House of Many Tongues
- Written by Jonathan Garfinkel
- Directed by Richard Rose
- Starring Hrant Alianak and Howard Jerome
- At Tarragon Theatre in Toronto
Alex, the 15-year-old son of a retired Israeli general, believes that he has a real road map to peace with the Palestinians. In fact, he's pretty certain he's got the problem licked.
"How do you know cunnilingus won't save the Middle East?" he asks his math tutor, before imploring her to let him practise his conflict-resolution techniques on her.
Say what you will about it otherwise, Jonathan Garfinkel's House of Many Tongues - the title, you see, is not pretentious, but punning - takes an original approach to the ongoing Arab-Israeli saga.
Unfortunately, Garfinkel has come up with a situation rather than written a play: What if an Israeli and a Palestinian, and their respective 15-year-old children, had to share a house?
After it sets up that microcosm of the Middle East, the play gets tongue-tied and isn't sure where to go. It feels like a pilot for an offbeat new sitcom, something along the lines of The Jihad Couple meets The Israeli Bunch.
Alex and his father, Shimon (Howard Jerome), live in a house on a patch of land captured during the Six-Day War. Their difficult relationship is exacerbated by the surprise arrival of Abu Dalo (Hrant Alianak), a Palestinian writer who claims to have lived there 40 years ago.
When the House recognizes him, Shimon reluctantly lets Abu Dalo stay - as long as he helps him with his memoirs - and soon after his 15-year-old daughter Suha (Erin MacKinnon) shows up on the premises as well.
Wait, yes - let's rewind for a second. The House recognizes Abu Dalo and that's not all the property can do. Played by Fiona Highet - occasionally turning herself into a door or wall, but mainly just watching from the back - The House can talk to her owners and even, if the mood strikes her, dance with them.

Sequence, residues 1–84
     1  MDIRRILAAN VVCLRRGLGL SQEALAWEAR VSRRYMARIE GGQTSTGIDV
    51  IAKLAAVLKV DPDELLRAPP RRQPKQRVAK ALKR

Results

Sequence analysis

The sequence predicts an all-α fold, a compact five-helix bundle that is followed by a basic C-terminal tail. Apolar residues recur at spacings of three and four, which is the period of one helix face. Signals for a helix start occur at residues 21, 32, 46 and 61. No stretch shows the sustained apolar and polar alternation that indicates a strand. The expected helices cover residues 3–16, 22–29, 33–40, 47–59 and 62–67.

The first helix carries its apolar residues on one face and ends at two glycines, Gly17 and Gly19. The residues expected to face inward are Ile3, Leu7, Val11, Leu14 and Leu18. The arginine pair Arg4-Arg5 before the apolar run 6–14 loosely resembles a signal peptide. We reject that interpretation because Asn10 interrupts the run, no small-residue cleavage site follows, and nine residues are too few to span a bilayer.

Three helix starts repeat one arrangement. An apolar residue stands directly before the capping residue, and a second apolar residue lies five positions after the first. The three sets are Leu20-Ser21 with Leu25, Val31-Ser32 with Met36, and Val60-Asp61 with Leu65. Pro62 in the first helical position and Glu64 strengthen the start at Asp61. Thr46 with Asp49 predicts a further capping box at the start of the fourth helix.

The magical realism doesn't stop there. The House is having an on-again, off-again romance with The Camel (Raoul Bhaneja), a womanizing dromedary. ("I hate it when you objectify me," The House tells him.)
If it sounds strange on paper, it works well enough on stage. In fact, House of Many Tongues had me firmly in its unconventional grip at the beginning: There's Shimon's poetic opening monologue about finding his son floating in the river, director Richard Rose's simple staging, and Daniel Karasik's hilarious, understated performance as Alex. I even found myself quite fond of Bhaneja's Camel, who smokes - guess what brand of cigarettes? - and, despite his promiscuous ways, firmly resists all hump jokes.
But as the production progresses, the oddities pile on and drown out all attempts at emotional engagement.
Abu Dalo delivers a paean to a toilet seat and The Camel runs off to Paris, but it's only with the arrival of Suha that the play completely disappears up its own hummus. This Palestinian from the Jenin refugee camp dresses like a devotee of Marilyn Manson and carries around a dead pigeon named Groucho, who she uses as a puppet to tell bad jokes.
Suha also has a strange syndrome that makes her pass out if she experiences extreme emotions. Oh, and she's carrying around the bloody, splattered remains of her mother in a Ziplock bag. Is there a real character buried in this bizarreness? It's true what they say: Too many quirks spoil the Goth.
Once you've had a teenager carry around viscera in a baggie and treated it matter of factly, it's hard to go anywhere else. And yet, Garfinkel tries to move us to no avail with a series of tragic revelations.
"I haven't felt this hopeful since Oslo," the House says, but I have to disagree with the foundation of her argument. All the hope shoehorned into this play feels as naive as Alex's oral-sex diplomacy. If humans really behaved like these characters - there are no extremists here of any stripe, and everyone is racked by guilt - peace would be a cinch.
It's only the final image of a wall being built and slowly dismantled in the middle of the room that actually stirs the soul. It's unfortunate for Garfinkel that the play's sole silent scene is its most effective one.
House of Many Tongues runs until June 3.Report Typo/Error